Sheriff Joe Arpaio was pardoned by President Trump on August 25th, 2017, after being charged with racially profiling Latinos. Joe Arpaio, from Maricopa County in Arizona, first made headlines February 4th, 2009 by handcuffing almost 200 illegal immigrants together in Tent City, Phoenix, for incarceration prior to their trials. Some of the inhabitants of Arpaio’s tent city died due to the harsh conditions. Arpaio has been convicted of a criminal charge for disobeying a court order to stop traffic patrols that targeted immigrants on Monday, July 31, 2017.
U.S. District Court Judge, G. Murray Snow, ordered Sheriff Arpaio’s deputies to stop detaining individuals unless they were accused of state a crime. Despite this, his deputies continued to arrest Latinos for over 17 months, in defiance of a court order.
Sheriff Arpaio has been in and out of investigations for racial profiling since December of 2011, but it isn’t until now that the investigation has been finalized.
Witnesses testified during Arpaio’s trial that 117 individual were illegally caught and turned over to U.S. immigration, Customs Enforcement, or border patrol.
Mr. Kahl stated, “I think he shouldn’t have been pardoned and should have been sent to jail for breaking a federal law. I think it’s sad how he [Trump] used his power to pardon someone who didn’t deserve it.” Senior Erin Anderson shared, “It shows an incredible lack of justice in a supposedly free country.”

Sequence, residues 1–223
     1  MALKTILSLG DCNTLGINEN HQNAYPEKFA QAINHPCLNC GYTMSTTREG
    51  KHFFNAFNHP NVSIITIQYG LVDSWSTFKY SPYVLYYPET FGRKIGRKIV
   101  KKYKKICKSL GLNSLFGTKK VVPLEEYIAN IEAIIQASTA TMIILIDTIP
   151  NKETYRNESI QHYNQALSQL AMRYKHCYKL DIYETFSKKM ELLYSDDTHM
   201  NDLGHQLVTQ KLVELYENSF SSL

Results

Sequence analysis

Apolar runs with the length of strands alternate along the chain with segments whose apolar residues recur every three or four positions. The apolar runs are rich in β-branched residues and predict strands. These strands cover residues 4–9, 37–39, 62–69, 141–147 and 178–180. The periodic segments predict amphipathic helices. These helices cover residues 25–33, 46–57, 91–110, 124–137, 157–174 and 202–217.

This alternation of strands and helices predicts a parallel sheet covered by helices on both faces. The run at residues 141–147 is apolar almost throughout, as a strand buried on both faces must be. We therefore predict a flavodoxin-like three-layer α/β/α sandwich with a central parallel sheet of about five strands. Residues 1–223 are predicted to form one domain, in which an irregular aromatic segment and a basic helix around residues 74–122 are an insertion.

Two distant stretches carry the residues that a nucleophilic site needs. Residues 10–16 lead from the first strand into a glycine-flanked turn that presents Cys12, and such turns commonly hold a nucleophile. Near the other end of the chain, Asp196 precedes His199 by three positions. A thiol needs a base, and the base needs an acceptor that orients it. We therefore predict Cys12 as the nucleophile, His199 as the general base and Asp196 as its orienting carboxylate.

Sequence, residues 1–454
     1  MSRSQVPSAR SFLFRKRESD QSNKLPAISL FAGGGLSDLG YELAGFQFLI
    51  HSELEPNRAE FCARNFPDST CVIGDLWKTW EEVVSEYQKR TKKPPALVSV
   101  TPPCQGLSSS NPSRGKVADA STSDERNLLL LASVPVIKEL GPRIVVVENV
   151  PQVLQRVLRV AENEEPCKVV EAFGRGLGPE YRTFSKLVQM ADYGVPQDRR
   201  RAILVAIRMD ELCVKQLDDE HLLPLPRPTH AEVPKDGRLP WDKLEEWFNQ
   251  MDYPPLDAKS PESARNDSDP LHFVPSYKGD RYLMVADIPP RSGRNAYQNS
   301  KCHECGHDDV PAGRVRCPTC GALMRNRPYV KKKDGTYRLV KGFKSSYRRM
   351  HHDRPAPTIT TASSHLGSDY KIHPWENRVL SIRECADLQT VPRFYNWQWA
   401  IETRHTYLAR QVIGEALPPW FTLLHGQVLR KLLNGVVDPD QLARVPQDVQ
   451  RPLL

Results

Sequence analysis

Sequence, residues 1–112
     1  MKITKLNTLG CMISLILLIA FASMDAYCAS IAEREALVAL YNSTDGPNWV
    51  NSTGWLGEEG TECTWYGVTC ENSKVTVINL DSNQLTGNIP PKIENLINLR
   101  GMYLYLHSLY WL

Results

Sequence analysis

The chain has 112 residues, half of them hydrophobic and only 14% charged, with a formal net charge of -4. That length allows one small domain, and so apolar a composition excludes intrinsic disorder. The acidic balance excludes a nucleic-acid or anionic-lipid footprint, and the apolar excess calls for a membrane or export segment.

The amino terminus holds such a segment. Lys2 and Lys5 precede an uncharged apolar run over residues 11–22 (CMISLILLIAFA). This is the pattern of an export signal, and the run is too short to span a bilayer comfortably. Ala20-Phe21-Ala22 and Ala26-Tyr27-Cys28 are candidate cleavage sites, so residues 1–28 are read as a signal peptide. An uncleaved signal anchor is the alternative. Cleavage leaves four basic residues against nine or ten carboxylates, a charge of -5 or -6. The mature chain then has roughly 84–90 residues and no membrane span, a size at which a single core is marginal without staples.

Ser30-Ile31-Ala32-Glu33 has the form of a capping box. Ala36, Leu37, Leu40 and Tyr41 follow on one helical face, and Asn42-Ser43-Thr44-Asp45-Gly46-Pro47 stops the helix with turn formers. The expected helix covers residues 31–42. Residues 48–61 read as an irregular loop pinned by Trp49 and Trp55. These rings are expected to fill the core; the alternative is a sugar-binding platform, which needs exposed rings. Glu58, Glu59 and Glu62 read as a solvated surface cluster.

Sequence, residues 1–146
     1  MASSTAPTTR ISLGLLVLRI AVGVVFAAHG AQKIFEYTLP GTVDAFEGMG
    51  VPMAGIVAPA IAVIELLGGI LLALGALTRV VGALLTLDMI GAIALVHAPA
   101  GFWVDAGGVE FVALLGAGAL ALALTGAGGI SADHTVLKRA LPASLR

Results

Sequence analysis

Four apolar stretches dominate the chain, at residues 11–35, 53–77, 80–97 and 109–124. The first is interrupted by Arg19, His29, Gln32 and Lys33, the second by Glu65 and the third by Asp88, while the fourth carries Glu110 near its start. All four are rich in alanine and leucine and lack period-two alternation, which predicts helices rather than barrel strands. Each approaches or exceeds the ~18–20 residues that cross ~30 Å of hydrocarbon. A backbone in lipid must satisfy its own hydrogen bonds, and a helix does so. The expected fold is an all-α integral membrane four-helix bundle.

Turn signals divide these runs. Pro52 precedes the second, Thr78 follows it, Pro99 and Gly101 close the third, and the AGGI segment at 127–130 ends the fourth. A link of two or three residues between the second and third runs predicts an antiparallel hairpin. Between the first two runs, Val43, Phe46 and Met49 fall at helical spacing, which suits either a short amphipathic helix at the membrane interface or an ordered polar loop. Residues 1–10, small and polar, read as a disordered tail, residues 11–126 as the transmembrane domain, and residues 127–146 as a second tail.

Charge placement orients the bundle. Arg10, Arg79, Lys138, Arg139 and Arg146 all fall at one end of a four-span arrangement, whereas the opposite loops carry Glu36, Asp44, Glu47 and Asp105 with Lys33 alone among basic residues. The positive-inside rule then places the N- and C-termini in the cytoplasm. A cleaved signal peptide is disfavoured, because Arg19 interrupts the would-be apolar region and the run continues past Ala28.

In the United States of America, we have a fundamental belief that all men are innocent until proven guilty. Sheriff Joe Arpaio should know this first hand.
There is more than just one side to this issue; it is a complex mixture of law enforcement responsibility and an overstep of federal power. On one hand, Joe Arpaio had a legal obligation to enforce federal immigration laws; on the other hand, he overstepped his authority and took things too far. He may have started with the right intentions, but the process quickly escalated.
Other controversial acts by Arpaio include his reinstitution of chain gangs in 1995, possible misuse of funds, failure to properly investigate upwards of 400 sex crimes including the rapes of three teenage girls and over 32 cases of child molestation, various failed corruption investigations of political opponents and violation of election law.
By Sarah Hanson